About Pass DIY

Nelson Pass has been an early contributor to the audio DIY scene; It has been said that Nelson has a knack of explaining engineering things very clearly in a few words, and that he obviously enjoys doing it. He is also a very active contributor at www.diyaudio.com. Being very generous with advice, tips, and complete amplifier designs that people can build.

What does Nelson Pass get out of this interaction?

“I like to speak to the teenager (me) who wanted to know this stuff—that's my audience. There are always people who appreciate a decent explanation that gets to the meat and potatoes. I see it all as light entertainment with a little education thrown in. The academic paper approach has its place, but it seems intended for people who mostly understand the stuff already. If you want to communicate with DIYers, you depend more on colorful analogies, a little hand waving, and very little  differential calculus. I get lots of personal satisfaction out of the whole enterprise. It gives me an outlet for some cool ideas and things that otherwise would stay bottled up, and I have an excuse to explore offbeat approaches purely for their entertainment value. Also, the process of communicating DIY stuff is a two way street—I would say I get about as much as I give. Nelson Pass”

Zen Variations 9 — Nelson Pass / 2006

In ZV8 we dipped our toes into the waters of power JFET transistors using the new Lovoltech LU1014D in a simple circuit. The focus of the project was on the JFET itself, and except for a cascode transistor the rest of the amplifier used only passive components. Here in four installments we will increase the complexity of the circuitry around the JFET with an eye toward distortion performance surpassing any of the Zen projects to date. Much of this project will make reference to ZV8 (AudioXpress, January 2006 and www.passdiy.com), which discusses the characteristics of the LU1014D power JFET and… More...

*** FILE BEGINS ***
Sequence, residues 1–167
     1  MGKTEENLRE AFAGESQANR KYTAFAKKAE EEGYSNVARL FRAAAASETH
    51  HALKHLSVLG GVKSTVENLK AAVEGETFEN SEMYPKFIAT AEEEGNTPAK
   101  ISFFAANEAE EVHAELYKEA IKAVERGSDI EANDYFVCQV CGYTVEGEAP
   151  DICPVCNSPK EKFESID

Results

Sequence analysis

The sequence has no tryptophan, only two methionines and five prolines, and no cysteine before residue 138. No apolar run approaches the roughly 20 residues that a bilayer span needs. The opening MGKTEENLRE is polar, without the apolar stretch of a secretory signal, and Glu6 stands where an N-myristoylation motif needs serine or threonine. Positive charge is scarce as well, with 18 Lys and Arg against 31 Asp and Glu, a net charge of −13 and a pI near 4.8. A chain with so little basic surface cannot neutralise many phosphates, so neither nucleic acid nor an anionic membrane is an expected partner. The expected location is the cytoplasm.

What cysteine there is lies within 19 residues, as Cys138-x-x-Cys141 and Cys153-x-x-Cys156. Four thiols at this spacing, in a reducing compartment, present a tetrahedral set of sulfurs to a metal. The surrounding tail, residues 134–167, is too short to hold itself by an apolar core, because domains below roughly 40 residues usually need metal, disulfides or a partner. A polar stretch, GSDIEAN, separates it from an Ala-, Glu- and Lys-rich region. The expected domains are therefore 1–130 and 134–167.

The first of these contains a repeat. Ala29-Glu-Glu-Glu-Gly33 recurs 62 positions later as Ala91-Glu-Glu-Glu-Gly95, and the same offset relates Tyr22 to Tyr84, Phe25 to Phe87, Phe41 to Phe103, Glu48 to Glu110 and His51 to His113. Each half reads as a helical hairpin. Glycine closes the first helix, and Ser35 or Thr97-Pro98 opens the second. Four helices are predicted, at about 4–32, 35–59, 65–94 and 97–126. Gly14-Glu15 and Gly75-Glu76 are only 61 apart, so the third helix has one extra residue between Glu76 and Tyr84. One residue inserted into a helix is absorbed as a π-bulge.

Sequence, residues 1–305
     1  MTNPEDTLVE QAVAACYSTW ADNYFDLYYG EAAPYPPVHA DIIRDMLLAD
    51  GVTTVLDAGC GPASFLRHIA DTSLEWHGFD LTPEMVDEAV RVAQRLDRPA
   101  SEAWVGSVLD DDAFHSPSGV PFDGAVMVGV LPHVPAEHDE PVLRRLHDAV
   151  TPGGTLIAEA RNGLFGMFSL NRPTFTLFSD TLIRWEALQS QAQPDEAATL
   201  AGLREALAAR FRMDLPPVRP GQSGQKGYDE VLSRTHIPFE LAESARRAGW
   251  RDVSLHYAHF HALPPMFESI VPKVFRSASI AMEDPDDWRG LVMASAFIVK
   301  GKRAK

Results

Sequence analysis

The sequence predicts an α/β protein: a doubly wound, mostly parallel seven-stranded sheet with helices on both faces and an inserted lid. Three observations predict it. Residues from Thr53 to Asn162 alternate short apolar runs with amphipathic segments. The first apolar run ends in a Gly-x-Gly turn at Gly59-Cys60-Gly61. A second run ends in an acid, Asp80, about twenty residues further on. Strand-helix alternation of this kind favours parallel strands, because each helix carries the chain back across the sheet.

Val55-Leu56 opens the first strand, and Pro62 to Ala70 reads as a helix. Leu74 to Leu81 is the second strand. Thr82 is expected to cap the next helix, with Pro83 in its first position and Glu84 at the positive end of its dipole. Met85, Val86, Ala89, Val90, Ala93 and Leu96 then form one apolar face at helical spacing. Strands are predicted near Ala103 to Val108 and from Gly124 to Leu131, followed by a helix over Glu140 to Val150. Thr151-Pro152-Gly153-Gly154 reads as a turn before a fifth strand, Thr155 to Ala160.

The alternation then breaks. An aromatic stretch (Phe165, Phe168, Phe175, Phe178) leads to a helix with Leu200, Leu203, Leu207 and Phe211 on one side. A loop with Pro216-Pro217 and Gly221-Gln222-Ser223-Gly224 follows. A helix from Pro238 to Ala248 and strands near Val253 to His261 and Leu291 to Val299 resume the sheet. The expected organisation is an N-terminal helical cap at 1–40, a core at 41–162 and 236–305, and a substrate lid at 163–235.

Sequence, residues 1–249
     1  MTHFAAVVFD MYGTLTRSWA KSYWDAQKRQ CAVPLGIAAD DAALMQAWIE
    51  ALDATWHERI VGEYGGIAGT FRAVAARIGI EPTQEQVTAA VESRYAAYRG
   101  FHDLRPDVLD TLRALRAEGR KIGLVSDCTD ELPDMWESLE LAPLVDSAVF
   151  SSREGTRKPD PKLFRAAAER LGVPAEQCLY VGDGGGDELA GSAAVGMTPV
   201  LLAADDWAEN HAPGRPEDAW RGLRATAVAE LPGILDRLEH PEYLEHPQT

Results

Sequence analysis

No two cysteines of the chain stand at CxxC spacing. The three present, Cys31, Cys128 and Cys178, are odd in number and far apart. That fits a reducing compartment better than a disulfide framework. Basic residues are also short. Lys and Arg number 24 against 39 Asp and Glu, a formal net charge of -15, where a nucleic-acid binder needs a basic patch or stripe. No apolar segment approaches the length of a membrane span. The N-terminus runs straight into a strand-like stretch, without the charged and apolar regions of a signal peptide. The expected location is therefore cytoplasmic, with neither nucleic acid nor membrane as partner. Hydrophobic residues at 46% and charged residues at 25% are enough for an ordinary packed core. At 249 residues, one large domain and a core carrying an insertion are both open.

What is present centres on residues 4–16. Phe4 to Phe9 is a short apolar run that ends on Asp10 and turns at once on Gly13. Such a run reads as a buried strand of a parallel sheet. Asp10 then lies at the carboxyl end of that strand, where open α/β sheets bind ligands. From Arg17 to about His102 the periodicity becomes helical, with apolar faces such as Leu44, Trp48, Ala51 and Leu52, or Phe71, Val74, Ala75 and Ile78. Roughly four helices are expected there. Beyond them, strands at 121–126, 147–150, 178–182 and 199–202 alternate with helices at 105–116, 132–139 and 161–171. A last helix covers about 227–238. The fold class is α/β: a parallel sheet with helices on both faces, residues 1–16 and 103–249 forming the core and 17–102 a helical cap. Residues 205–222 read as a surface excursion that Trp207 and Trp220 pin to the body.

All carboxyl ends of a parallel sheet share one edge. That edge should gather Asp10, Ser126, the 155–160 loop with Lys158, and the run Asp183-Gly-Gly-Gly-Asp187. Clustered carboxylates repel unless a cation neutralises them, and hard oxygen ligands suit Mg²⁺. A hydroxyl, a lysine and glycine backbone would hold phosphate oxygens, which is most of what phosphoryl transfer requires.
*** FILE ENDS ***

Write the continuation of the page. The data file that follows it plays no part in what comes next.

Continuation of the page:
The Zen Amplifier — Nelson Pass / 1993

I. "What is the sound of one transistor clapping?" There are two most essential principles to audio amplifier design. The first is simplicity. The second is linearity. Einstein said, "Everything should be made as simple as possible, but no simpler." Simplicity is a common element of the best and most subtle designs. It is preferred for purely aesthetic reasons, but also because fewer elements color the sound less, and lose less information. Many audiophiles, including myself, are willing to sacrifice other areas of performance to achieve the intimacy with the sound available through a simple circuit. An amplifier should be… More...

Matching Devices — Nelson Pass / 1993

After you acquire the devices, you will need to test them. You might consider running lots of tests on these transistors, but only one is essential: measuring gate-source voltage versus current. The greatest variations occur here, and it is necessary to do some matching to get proper performance. This test will also tell you whether or not the device is broken. The test is simple and requires a power supply, a resistor, and a DC voltmeter. Figure 12 shows the test hookup for N- and P-channel types. The supply source resistance (R1) is nominal, and is found from I =… More...

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